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Purpose Statement: Overview

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The mission of the Commodity Futures Trading Commission (CFTC or Commission) is to protect market users and the public from fraud, manipulation, abusive practices and systemic risk related to futures, options and swaps and to foster open, competitive, and financially sound markets.  Congress established the CFTC as an independent agency in 1974, after its predecessor operated within the Department of Agriculture.  Its mandate was renewed and/or expanded in 1978, 1982, 1986, 1992, 1995, 2000, 2008 and 2010.  The CFTC and its predecessor agencies were established to protect market users and the public from fraud, manipulation and other abusive practices in the commodity futures and options markets.  After the 2008 financial crises and the subsequent enactment of the Dodd-Frank Wall Street Reform and Consumer Protection Act (Dodd-Frank Act or DFA), the CFTC’s mission expanded to include oversight of the swaps marketplace.

The Commission administers the Commodity Exchange Act (CEA), 7 U.S.C. section 1, et seq.  The 1974 Act brought under Federal regulation futures trading in all goods, articles, services, rights and interests; commodity options trading; leverage trading in gold and silver bullion and coins; and otherwise strengthened the regulation of the commodity futures trading industry. It established a comprehensive regulatory structure to oversee the volatile futures trading complex.

On July 21, 2010, President Obama signed the Dodd-Frank Act. The Dodd-Frank Act amended the CEA to establish a comprehensive new regulatory framework for swaps, as well as enhanced authorities over historically regulated entities. Title VII of the DFA, which relates to swaps, was enacted to reduce systemic risk, increase transparency and promote market integrity within the financial system by, among other things:

Though the Commission has much experience regulating the on-exchange derivatives marketplace— having done so for more than 70 years— the Dodd-Frank Act presents new responsibilities and authorities.  The U.S. swaps and futures market estimate $300 trillion and $40 trillion, respectively— that is more than $22 of derivatives for every dollar of goods and services produced in the U.S. economy.  That is why it is essential that the Commission ensure that these markets work for the benefit of the American public; that they are transparent, open and competitive; and that they do not allow risk to spread through the economy.

The Dodd-Frank Act gives the CFTC flexibility to set effective dates and a schedule for compliance with rules implementing Title VII of the DFA, consistent with the overall deadlines in the DFA.  The order in which the Commission finalizes the rules does not determine the order of the rules’ effective dates or applicable compliance dates.  Phasing the effective dates of the DFA’s provisions will give market participants time to develop policies, procedures, systems and the infrastructure needed to comply with the new regulatory requirements.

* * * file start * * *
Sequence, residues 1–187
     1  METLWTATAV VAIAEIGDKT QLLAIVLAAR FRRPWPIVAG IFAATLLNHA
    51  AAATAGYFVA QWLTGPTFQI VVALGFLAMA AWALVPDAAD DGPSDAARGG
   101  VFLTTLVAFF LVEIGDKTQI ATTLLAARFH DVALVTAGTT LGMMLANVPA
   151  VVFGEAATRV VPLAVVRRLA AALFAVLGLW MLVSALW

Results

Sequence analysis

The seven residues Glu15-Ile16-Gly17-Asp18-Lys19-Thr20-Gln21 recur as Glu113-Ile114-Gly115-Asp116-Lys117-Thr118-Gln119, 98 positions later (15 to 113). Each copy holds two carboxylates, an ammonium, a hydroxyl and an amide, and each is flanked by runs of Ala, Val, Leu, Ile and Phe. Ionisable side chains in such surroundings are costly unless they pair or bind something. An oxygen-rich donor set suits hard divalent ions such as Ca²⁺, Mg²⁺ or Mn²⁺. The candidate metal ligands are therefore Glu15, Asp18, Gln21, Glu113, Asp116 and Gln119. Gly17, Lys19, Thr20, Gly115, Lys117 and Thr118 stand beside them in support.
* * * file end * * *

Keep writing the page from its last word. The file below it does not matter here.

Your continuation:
In February 2011, the Commission published a new Strategic Plan integrating the expanded responsibilities under the Dodd-Frank Act with its existing mission and goals. The goals of the CFTC largely remain the same with the regulation of swaps being incorporated within the regulatory structure currently applied to the futures and options markets. The CFTC’s primary focus will be to write the rules to regulate the swaps markets, implement those rules, test and adjust those rules and write new rules as necessary to bring effective regulation to all derivatives markets over the next five years.

The Commission’s strategic goals for FY 2011-2015 are:

The focused rule writing efforts required by the Dodd-Frank Act are not being treated as a "Strategic Goal" but as a tactical goal that has an Objective, Strategy and Performance Measure. The CFTC believes developing and implementing the Dodd-Frank Act rules is one of the most important and difficult efforts it has ever undertaken.  The Dodd-Frank Act set a timeframe of 360 days (or less in a few instances) for completion of the rules, but the agency was unable to comply with this for several reasons:

The comment and consideration aspects of the rule-making process take an enormous amount of time and the Commission will continue to ensure all appropriate thought is given to rule development.  At this point the CFTC anticipates completion of the vast majority of the rules within 24 months of enactment of the Dodd-Frank Act.

The Commission consists of five Commissioners.  The President appoints and the Senate confirms the CFTC Commissioners to serve staggered five-year terms.  No more than three sitting Commissioners may be from the same political party.  With the advice and consent of the Senate, the President designates one of the Commissioners to serve as Chairman.  The Commission is headquartered in Washington D.C. with regional offices in Chicago, Kansas City and New York.


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